• Hard plastic containers are A-OK to recycle at home.
    Plastic bags can be bundled and taken back to grocery stores for recycling.
    Soft plastic wrappers are not recyclable at home.
    • Why? Soft plastics include mylar, Tetrapak, and fused plastics that all use multiple layers of materials( i.e. plastic, paper, and aluminum) and are impossible to separate the layers for remanufacturing.
  • What do the numbers indicate on the bottom of my plastics? Since it has the recycling sign on it, then it's recyclable, right?
    • Not particularly. The numbers were developed by the Plastics Association to indicate the resign type of that certain plastic, or the "recipe" – what it's made out of. The chasing arrows are merely used to display the number, not to indicate if that plastic is actually recyclable in your specific community. Ask your local hauler what numbers are acceptable, or call your city's solid waste division, which is usually in the public works department or environmental services.
  • How clean do materials need to be to recycle them? Do I need to rinse them out?
    • Clean is good, but empty is better. When materials get re-processed, they are melted down, so you could imagine that any extra peanut butter might get burned off. The thing you want to keep in mind is that other people will be sorting your recyclables, and excessive contents left inside containers may contaminate other materials like paper. Please don't waste water trying to clean your plastics before recycling them, it's not worth it.
  • What do I do with the lids?
    • First empty the container of its contents, then with the lid off, squish the container flat to reduce the amount of air the empty container will hold, then screw the cap back on. Now you are ready to recycle the cap with the container. Caps are too small to recycle on their own, so by leaving it on the container, it will find its way to the remanufacturer. By squishing the air out of the container and then placing the cap back on, you are ensuring that even if the container get's run over by a bulldozer at the MRF, or compacted inside the garbage truck, the cap won't burst off.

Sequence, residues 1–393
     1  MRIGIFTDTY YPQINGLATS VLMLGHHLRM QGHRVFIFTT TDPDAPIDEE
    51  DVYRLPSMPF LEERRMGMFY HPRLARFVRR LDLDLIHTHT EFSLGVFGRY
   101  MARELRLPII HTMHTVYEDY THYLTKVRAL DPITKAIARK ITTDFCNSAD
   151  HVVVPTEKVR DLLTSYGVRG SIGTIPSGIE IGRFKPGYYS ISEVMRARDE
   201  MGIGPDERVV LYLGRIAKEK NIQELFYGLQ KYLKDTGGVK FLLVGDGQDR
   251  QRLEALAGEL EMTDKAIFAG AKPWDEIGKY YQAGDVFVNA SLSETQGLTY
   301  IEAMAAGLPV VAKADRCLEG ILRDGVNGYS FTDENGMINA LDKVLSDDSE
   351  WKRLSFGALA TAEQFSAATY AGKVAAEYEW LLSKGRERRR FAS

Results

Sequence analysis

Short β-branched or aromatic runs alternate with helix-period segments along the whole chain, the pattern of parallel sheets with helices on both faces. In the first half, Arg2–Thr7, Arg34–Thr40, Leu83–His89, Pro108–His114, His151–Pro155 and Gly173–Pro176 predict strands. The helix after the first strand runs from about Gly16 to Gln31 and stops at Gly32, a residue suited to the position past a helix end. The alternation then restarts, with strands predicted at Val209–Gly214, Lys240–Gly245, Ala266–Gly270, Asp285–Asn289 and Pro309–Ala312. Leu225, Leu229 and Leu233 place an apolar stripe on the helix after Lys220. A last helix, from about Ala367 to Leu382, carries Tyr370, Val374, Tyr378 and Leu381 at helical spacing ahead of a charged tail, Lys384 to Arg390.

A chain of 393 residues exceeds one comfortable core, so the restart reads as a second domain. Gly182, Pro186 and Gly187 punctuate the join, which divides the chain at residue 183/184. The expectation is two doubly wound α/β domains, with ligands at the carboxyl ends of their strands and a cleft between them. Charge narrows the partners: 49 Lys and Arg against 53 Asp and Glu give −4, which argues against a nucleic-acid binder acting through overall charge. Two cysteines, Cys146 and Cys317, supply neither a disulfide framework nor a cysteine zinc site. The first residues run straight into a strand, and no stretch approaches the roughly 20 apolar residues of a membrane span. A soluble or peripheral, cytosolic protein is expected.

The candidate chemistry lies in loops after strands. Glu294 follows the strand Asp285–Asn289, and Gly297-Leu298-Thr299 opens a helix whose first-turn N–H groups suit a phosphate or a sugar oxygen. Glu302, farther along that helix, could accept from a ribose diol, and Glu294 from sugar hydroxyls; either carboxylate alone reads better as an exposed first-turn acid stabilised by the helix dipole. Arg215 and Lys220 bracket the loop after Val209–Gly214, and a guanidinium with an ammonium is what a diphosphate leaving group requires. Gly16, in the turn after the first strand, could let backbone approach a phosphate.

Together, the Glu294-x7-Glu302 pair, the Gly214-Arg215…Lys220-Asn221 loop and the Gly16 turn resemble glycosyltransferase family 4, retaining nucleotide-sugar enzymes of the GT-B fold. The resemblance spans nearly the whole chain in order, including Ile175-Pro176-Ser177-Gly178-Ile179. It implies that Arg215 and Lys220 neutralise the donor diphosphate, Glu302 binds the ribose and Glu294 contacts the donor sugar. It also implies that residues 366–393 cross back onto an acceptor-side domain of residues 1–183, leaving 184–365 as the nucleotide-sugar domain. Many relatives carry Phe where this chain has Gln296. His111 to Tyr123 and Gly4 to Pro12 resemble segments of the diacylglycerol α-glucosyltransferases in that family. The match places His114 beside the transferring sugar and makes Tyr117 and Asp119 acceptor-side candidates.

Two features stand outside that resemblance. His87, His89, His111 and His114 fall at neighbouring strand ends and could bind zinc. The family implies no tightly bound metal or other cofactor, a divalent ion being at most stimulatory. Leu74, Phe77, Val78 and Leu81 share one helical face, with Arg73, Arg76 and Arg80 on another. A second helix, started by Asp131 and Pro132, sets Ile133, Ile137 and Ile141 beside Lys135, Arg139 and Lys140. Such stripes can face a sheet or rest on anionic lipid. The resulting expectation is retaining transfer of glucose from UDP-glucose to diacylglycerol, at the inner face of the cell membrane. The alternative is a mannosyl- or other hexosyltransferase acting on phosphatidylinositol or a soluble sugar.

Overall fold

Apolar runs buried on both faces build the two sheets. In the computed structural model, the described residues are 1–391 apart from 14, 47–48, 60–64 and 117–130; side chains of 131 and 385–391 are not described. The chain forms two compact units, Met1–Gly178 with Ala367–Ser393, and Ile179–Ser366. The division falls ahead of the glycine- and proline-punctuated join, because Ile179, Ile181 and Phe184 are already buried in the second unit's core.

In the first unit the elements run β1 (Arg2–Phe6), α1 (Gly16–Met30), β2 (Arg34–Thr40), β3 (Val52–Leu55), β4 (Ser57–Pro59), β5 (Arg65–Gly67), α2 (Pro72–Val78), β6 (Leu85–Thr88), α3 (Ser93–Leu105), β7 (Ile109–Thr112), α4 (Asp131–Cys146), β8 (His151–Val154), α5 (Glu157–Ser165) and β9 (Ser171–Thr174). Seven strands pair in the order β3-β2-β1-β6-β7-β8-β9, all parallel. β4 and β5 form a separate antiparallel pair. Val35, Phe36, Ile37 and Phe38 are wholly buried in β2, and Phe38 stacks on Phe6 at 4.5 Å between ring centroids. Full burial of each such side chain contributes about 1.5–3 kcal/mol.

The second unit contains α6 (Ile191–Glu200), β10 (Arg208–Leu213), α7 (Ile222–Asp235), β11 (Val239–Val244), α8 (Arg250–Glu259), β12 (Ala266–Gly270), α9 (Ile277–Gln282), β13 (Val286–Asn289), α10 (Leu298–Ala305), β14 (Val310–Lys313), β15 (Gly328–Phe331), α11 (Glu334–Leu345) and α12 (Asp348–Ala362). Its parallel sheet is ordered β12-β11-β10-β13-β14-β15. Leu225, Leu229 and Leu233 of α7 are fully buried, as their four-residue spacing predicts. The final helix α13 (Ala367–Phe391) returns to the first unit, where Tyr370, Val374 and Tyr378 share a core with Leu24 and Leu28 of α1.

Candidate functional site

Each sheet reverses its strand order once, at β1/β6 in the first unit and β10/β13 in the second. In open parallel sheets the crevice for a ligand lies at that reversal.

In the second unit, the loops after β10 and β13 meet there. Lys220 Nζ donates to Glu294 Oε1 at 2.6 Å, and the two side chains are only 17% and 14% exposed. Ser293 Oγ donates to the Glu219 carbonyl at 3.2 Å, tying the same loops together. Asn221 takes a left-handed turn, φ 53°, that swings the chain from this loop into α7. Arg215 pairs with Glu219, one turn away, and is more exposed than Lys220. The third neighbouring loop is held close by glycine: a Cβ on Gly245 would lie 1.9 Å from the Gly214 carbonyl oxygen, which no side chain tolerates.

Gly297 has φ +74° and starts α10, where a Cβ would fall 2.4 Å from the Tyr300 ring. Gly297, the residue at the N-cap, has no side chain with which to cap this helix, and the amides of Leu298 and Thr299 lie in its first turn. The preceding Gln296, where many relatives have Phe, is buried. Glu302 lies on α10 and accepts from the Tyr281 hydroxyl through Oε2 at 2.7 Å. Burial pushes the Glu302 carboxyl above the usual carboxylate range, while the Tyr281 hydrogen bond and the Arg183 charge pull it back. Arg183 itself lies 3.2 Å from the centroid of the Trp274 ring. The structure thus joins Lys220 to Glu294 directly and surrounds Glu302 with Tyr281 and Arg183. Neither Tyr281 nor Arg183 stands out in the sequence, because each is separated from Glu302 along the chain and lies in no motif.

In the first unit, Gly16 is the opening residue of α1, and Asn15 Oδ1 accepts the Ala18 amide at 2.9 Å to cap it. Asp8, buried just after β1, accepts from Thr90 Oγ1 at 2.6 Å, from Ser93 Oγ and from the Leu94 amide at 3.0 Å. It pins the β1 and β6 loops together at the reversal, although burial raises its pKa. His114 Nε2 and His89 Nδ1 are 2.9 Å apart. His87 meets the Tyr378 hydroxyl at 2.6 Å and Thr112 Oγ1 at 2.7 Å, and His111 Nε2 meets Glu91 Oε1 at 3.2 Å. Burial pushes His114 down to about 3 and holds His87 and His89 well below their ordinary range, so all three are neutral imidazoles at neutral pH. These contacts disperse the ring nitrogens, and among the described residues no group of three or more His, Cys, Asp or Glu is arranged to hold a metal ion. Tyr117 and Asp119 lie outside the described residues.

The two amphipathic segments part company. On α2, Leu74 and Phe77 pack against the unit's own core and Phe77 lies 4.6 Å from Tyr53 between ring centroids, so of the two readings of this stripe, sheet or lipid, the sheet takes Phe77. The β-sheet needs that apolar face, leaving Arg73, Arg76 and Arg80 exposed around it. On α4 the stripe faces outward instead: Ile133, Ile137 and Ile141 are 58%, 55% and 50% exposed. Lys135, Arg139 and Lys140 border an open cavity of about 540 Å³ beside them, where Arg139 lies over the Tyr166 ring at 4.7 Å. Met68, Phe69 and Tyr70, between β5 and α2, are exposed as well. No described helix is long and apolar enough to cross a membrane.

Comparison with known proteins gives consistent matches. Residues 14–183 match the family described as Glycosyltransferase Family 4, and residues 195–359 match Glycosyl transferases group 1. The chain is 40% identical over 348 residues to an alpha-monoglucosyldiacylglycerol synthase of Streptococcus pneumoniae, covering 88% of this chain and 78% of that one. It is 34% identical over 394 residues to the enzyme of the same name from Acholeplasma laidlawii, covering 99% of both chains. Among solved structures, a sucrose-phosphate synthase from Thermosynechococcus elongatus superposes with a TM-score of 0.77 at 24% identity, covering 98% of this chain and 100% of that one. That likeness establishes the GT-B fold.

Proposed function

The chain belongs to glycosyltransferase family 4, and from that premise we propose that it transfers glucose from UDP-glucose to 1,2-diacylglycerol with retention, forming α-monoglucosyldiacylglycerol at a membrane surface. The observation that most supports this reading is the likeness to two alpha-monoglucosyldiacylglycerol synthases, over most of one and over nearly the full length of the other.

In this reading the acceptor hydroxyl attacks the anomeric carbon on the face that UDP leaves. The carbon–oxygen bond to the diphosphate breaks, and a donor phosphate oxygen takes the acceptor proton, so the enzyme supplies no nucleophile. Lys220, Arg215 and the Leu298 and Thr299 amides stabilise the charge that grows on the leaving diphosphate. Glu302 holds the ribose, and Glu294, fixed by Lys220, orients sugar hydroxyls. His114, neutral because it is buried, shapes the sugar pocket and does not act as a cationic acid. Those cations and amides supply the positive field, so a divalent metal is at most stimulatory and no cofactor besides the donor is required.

• Bioplastics (#7).
    Don't use them. Re-usables are always a better option than disposables. Let's consider our options:
    • Green Can: If we place the bioplastic (plate, cup, utensil, etc.) into the green can it will go to a compost facility. Composters can't distinguish bioplastics from other plastics, and will sort them out as garbage. Even under intense industrial settings where piles reach 140 degrees, the bioplastics don't break down in enough time and will get sorted out. And even if the bioplastics do breakdown, they leave a polymer resign behind in the compost. And lastly, we should ask ourselves the moral question, is it right to grow food crops to make disposables?
    • Blue Can: Because bioplastics are made out of different materials, they gunk up the screens at remanufacturing facilities who are trying to make crude oil-based plastics.
    • Garbage can: You may think that bioplastics will break down quicker than regular plastics in a landfill, but because landfills are anaerobic (without oxygen), even paper or food waste doesn't break down for decades. So bioplastics will break down in the same amount of time as regular plastics.

Answer: Save your money and buy something that is recyclable if you are going to use disposables, but try not to use disposables in the first place. Always carry a fork, cup, water bottle, handkerchief, and napkin with you - and life will get a lot simpler.

Suerte! ~Andrew